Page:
Here’s an important question: What type of beer should you have with your s’mores? Porters, especially ones with coffee notes, make happy companions to this ooey-gooey treat. So do stouts and their bit of malty sweetness. Chocolate stout? Even better.
That s’more isn’t going to make itself—you’ve got to work for it, starting with the perfect stick (or skewer, if you’re going for a less rustic approach). Be sure to stab your mallow right through the centre to keep that sticky goodness from falling off its post. Then look for a spot in the fire with embers but no flames; hold your stick about 20 centimetres above the coals and keep rotating. The final product should be a perfect golden brown all around, with a molten centre.
Some say burning fresh herbs like sage or rosemary in the firepit will help repel mosquitoes. We say it’s worth a try! They smell great and if they help the bugs buzz off, that’s an added bonus. Toss a handful in the fire in addition to slathering on your bug repellant of choice. If the pests are especially dense where you are, try running a small fan to blow smoke and bugs away at the same time.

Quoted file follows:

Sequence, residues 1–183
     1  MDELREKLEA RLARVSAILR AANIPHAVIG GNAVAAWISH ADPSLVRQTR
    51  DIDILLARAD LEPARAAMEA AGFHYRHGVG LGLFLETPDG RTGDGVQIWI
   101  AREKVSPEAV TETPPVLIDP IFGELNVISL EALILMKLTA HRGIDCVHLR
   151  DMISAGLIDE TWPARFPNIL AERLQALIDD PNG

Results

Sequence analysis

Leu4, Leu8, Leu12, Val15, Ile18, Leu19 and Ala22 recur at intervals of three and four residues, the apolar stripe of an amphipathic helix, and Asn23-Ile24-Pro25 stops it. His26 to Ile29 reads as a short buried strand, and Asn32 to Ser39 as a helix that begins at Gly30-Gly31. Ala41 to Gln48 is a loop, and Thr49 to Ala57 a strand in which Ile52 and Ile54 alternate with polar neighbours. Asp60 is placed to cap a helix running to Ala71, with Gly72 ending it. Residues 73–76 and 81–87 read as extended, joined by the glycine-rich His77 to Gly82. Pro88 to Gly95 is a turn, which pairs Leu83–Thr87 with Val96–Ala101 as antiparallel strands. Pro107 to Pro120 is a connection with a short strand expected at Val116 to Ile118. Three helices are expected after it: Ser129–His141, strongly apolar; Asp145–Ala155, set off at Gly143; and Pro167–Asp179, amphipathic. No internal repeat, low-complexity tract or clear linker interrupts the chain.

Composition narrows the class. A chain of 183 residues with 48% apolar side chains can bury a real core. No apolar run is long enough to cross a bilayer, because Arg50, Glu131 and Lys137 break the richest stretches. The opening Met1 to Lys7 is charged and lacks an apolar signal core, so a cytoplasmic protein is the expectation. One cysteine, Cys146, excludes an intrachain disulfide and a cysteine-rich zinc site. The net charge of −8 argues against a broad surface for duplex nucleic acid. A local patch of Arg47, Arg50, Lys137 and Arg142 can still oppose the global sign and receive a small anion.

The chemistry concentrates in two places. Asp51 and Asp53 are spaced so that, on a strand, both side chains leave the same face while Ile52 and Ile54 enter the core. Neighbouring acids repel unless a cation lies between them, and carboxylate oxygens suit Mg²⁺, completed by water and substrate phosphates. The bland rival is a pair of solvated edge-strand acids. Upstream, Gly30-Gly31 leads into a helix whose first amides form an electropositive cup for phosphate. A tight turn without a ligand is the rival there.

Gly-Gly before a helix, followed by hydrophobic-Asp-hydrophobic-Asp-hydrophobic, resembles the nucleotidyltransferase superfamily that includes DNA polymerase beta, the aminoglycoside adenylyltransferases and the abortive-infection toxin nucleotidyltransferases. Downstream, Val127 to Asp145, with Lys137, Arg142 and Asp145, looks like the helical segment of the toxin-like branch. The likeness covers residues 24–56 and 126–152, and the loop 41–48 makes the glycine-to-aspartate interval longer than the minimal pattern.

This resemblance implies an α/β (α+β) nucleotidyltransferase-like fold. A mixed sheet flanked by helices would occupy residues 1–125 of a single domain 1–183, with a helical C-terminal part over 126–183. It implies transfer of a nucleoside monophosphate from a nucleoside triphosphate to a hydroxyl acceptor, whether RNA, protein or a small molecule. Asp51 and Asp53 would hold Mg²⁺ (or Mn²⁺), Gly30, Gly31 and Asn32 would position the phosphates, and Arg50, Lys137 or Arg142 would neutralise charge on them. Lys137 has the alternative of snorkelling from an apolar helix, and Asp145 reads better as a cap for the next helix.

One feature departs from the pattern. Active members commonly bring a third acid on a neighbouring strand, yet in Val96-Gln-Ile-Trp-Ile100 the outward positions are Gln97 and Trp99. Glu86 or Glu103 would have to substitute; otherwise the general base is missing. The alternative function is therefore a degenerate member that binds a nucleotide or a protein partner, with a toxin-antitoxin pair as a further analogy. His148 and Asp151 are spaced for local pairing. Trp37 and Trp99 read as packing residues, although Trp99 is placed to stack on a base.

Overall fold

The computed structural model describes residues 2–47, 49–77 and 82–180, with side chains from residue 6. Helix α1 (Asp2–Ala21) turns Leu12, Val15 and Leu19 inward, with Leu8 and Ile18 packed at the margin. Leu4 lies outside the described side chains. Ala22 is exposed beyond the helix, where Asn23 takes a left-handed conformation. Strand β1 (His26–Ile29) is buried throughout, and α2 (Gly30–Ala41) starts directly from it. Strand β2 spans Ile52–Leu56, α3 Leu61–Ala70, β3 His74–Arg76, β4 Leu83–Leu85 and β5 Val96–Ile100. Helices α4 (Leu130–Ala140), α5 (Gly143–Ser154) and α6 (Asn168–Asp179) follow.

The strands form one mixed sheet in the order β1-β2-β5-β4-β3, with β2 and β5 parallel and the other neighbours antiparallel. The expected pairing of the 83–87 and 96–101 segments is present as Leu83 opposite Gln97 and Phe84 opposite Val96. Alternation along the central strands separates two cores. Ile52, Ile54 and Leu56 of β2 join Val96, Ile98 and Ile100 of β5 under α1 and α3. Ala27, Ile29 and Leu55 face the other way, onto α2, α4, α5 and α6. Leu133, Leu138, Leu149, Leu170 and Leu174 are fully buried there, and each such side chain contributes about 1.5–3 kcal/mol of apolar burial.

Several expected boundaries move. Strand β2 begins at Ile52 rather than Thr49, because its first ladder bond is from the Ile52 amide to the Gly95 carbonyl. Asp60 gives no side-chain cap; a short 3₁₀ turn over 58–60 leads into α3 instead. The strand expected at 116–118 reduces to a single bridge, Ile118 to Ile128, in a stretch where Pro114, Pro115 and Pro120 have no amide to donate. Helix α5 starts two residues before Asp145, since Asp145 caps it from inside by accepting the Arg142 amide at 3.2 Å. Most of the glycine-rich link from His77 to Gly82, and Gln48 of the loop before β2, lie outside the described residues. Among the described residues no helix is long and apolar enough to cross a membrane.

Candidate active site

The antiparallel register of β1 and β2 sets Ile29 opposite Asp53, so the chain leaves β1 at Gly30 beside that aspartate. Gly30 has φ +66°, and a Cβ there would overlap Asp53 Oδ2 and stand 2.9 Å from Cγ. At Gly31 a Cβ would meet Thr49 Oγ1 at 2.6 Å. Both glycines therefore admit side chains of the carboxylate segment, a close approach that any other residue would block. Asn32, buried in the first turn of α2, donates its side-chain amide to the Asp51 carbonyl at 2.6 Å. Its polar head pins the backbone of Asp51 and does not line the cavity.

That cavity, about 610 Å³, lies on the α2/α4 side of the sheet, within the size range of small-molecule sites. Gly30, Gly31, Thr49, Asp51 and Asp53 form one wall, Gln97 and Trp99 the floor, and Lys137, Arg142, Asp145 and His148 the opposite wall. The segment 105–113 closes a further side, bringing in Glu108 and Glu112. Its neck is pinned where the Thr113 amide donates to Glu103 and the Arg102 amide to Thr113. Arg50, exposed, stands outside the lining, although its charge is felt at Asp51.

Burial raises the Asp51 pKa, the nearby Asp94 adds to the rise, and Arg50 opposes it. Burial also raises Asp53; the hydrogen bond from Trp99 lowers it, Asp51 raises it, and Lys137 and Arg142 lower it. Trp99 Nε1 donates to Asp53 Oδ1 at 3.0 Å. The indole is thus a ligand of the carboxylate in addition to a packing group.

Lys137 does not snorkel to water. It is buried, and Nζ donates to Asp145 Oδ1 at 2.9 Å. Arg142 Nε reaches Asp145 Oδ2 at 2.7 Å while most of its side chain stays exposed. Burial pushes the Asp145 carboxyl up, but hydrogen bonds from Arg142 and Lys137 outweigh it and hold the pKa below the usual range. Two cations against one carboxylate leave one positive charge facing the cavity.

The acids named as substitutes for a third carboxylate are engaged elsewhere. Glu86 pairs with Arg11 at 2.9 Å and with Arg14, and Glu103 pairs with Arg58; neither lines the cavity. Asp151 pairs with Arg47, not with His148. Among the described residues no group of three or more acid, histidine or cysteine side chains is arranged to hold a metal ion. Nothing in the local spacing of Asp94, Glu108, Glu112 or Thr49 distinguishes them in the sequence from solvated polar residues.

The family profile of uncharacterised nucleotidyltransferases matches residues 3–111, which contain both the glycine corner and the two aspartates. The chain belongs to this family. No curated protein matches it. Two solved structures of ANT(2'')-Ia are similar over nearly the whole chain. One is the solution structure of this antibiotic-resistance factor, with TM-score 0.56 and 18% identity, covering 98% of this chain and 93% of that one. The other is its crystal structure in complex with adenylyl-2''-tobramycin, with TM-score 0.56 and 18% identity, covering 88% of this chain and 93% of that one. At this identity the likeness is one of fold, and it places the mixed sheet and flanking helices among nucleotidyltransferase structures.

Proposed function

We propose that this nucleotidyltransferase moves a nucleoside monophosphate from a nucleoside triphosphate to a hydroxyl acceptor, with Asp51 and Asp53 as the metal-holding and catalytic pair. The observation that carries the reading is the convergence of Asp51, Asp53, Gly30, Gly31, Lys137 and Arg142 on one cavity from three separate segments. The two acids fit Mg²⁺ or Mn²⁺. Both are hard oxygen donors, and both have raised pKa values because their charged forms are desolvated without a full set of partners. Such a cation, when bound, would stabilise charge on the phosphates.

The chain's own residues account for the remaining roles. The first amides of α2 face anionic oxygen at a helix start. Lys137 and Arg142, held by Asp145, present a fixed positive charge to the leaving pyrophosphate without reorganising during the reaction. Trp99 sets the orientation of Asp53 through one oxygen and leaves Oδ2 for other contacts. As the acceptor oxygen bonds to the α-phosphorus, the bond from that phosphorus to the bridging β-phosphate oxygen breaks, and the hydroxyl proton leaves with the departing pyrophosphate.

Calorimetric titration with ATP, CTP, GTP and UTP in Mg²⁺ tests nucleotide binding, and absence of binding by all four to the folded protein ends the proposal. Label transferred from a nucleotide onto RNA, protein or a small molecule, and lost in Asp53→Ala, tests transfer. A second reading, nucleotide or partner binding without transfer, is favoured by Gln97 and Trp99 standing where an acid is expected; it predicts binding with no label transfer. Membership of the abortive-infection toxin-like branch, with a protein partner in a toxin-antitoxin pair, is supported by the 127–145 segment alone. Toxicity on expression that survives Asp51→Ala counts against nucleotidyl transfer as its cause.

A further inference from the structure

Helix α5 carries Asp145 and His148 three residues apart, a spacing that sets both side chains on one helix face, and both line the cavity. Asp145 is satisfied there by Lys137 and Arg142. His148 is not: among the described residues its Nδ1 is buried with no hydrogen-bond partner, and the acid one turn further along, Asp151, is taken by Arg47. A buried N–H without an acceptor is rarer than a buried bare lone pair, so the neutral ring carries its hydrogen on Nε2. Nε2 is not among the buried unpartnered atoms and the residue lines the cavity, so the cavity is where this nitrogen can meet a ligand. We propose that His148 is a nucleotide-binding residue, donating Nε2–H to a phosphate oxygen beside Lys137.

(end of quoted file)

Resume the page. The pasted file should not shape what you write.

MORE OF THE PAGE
A friendly reminder of some fire safety rules: Keep the fire small (one metre high by one metre wide, max), stay nearby and extinguish it completely by dousing it with water, and stirring or poking the ashes until no more hissing or smoke comes out.
Making your food over the fire adds great smoky flavour, a quality your standard ‘cue just can’t bring. Let the flames die down and prop a metal grill grate a bit above the coals for cooking meat and veggies (just keep your fingers out of the way, in case dripping grease causes a flare-up). Or, if you’re impatient, try cooking right over the open flames.